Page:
Letter From The Editor - Issue 55 - February 2017

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Issue 53
Stories
Not on the Gallows
by Harry Turtledove
The Fairy Godfather
by Tim McDaniel
Carry On, Torus
by Gregor Hartmann
Turncrowe
by Michael Meyerhofer
It Becomes You
by Laura-Marie Steele
Why Death is Silent
by William Fischer
IGMS Audio
InterGalactic Medicine Show Interviews
Vintage Fiction
The Toll
by Chuck Wendig

Writing Fantasy

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-   -   -   -   P   r   e   v   i   e   w   -   -   -   -

Turncrowe
    by Michael Meyerhofer

Turncrowe
Artwork by Tomislav Tikulin

The first lie they tell you is that it smells like wildflowers in there. Actually, it's more like burnt cinnamon. And he's not totally whole, just sleeping, like the priests say. Yeah, he's all there--no rot, no limbs or digits missing--but that doesn't change the fact that he's been dead for roundabout six hundred years. His cheeks are all sunken in and his arms look like broomsticks wrapped in leather. He's kind of grown into his chair, too, so that if you look real close, it's hard to say where the stone ends and the Saint begins. But he's not a skeleton. I guess that's what's important.

I still remember when Hughes brought me in to take my oath. It was pouring rain outside. You could hear the wind howling through the eaves, like it was about to tear the whole damn roof off the monastery. Not that you'd guess it by the way the priests were acting, though. Half of them were off meditating or stirring the slices of apple in their porridge. The other half were fast asleep. So there was no one else in the chamber when I took my oath--besides Abbott Hughes and the Saint, of course.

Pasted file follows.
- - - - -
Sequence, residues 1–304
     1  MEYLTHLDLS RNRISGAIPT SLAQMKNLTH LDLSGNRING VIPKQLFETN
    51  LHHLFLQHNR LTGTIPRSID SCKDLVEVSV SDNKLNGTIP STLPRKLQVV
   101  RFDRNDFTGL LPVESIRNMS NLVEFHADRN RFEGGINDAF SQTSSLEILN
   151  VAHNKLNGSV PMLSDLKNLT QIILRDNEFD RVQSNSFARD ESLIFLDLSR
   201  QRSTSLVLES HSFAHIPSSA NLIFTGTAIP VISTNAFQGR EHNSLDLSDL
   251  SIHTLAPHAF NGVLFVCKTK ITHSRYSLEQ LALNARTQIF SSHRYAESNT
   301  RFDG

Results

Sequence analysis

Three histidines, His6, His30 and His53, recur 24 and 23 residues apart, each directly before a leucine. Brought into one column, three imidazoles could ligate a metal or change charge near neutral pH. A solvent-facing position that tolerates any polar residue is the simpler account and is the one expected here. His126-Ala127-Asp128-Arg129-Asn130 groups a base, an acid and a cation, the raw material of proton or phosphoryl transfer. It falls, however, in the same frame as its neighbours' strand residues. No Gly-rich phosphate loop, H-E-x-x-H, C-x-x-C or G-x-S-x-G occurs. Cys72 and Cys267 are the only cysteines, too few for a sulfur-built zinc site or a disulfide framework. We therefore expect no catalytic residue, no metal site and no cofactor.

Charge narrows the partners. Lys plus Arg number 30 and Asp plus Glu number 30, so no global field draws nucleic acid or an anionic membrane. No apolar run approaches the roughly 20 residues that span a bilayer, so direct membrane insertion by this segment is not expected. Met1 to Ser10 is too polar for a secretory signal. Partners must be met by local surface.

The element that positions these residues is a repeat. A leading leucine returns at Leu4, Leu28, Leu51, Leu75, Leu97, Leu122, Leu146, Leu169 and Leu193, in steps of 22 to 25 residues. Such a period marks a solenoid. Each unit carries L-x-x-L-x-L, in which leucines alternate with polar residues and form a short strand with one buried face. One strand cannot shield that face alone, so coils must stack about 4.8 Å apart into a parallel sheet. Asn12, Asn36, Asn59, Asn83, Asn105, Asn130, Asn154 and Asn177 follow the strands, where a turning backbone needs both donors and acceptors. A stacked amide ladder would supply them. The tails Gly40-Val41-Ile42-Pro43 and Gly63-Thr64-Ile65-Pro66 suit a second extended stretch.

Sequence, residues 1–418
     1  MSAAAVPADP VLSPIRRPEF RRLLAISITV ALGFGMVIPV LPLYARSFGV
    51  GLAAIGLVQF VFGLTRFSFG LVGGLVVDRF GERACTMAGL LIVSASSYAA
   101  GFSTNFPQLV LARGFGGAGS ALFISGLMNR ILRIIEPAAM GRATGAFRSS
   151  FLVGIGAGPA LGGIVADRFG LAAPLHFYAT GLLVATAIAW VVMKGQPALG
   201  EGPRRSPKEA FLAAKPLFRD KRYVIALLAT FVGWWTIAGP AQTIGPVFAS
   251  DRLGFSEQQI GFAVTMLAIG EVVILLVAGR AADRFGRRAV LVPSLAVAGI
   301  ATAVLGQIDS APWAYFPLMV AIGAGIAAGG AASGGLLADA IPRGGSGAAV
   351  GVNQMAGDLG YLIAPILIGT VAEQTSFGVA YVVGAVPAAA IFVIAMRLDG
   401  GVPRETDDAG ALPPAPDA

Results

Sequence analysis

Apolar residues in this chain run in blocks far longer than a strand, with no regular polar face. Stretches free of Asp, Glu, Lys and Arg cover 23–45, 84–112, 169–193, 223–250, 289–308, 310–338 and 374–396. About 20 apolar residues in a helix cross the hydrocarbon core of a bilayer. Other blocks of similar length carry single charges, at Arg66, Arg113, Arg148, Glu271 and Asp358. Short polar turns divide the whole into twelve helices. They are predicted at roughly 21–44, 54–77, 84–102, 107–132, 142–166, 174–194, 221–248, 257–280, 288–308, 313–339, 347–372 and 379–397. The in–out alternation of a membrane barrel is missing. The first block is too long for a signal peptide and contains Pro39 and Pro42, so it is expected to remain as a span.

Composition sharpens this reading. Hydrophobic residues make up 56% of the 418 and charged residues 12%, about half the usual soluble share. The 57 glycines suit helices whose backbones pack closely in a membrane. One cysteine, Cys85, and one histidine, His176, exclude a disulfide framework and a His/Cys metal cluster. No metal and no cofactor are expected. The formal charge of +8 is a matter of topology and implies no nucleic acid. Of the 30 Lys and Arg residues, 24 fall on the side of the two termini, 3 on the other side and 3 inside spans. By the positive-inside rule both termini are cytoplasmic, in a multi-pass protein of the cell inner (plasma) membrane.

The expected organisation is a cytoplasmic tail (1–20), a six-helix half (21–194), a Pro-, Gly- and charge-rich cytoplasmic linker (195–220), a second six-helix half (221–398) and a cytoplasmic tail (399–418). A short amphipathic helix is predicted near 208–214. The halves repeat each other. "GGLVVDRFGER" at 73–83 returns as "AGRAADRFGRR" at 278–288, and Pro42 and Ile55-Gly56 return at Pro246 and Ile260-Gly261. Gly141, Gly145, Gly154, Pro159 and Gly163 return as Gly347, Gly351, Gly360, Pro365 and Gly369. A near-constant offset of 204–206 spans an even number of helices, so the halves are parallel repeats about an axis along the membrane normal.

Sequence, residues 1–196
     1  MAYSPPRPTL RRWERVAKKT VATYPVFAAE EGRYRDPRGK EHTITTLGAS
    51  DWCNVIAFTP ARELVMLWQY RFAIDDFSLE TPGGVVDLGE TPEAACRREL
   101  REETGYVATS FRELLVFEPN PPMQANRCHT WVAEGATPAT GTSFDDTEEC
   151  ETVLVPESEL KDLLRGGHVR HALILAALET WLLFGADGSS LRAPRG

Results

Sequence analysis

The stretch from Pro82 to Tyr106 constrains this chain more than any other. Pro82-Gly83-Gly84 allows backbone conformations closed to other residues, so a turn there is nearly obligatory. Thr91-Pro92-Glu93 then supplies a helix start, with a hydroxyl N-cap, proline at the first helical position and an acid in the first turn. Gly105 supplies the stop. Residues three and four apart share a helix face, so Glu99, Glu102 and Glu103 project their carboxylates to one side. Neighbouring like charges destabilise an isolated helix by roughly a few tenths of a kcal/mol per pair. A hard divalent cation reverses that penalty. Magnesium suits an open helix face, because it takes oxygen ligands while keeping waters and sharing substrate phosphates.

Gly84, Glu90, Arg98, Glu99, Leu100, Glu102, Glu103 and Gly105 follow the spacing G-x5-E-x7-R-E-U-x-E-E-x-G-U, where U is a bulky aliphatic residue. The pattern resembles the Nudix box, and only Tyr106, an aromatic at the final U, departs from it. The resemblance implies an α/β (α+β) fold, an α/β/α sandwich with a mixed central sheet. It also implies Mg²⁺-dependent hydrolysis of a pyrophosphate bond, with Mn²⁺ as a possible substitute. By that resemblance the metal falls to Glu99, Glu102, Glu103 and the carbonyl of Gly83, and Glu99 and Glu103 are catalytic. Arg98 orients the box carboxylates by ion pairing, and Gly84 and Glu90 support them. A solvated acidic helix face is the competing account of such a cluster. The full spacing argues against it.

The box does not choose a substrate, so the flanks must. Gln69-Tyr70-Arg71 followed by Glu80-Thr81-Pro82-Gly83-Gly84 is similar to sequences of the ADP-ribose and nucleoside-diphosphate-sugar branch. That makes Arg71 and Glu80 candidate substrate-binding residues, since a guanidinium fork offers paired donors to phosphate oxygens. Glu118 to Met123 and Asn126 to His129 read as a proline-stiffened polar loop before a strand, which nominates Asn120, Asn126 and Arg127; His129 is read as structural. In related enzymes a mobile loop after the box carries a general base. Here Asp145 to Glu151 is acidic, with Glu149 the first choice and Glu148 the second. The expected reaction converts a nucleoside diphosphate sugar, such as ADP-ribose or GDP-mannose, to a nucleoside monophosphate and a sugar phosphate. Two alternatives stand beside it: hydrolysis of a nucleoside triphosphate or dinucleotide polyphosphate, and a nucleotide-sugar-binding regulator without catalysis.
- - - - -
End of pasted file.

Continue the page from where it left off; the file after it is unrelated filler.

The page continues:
I was nervous, sure, but it wasn't like I expected. Growing up, you hear the village priests talk about the Saint like any second, he's just going to straighten up and get out of that chair and go back to performing miracles. You see him sitting cross-legged, half-smiling, on every coin and temple sign, carved into the wooden face of begging bowls. Sure, the priests insist he's not really a god, but you wouldn't know it by the way they pray to him. When you actually see him, though, it's different. For one thing, he's tiny, not much bigger than a child. For another, you can tell right away he's dead.

"Now, my child, swear fealty to he who has gone and shall one day return."

It felt weird to be called my child by a man whose vows meant he'd never undressed a woman in his entire life, but just the same, I knelt down like I was supposed to, in that chamber full of candles. The Abbott handed me a sword--not my old bastard sword with all the notches in the handle, but a ceremonial thing bound in brass and pretty stones. I laid it at the feet of the Saint and kissed the bare stone floor, which was about as clean as stone gets. The candles hissed and sputtered.

Meanwhile, Abbott Hughes said some words I couldn't understand--Old Frayd, I guess--while I knelt there with my hands folded and tried to look humble. Really, I was staring at the Saint's toenails, which looked like tiny ovals of blackened firewood. I wondered if they still grew. Wouldn't that be a miracle? I figured they must not, because if they did, the priests couldn't wait to tell everybody about it.

Anyway, when Hughes was done praying and chanting and carrying on, he touched my shoulder, and I actually had to kiss the Saint's feet. I wasn't looking forward to that, but I did it anyway. The Saint's skin wasn't warm, like they say--another lie. No, his feet were cold and clammy, like my Sorah before I buried her.

Still, being that close to somebody that important, alive or no, it gives you the shivers. When I straightened up, I half expected the Saint to be smiling at me. But no, he was still sitting there in his gray stone chair, his face the color of bronze in those flickering candles, his eyes closed. Oblivious. Wise or dumb--I couldn't decide.

"Welcome, my child," the Abbott said, formal as an icicle, and showed me to my quarters.

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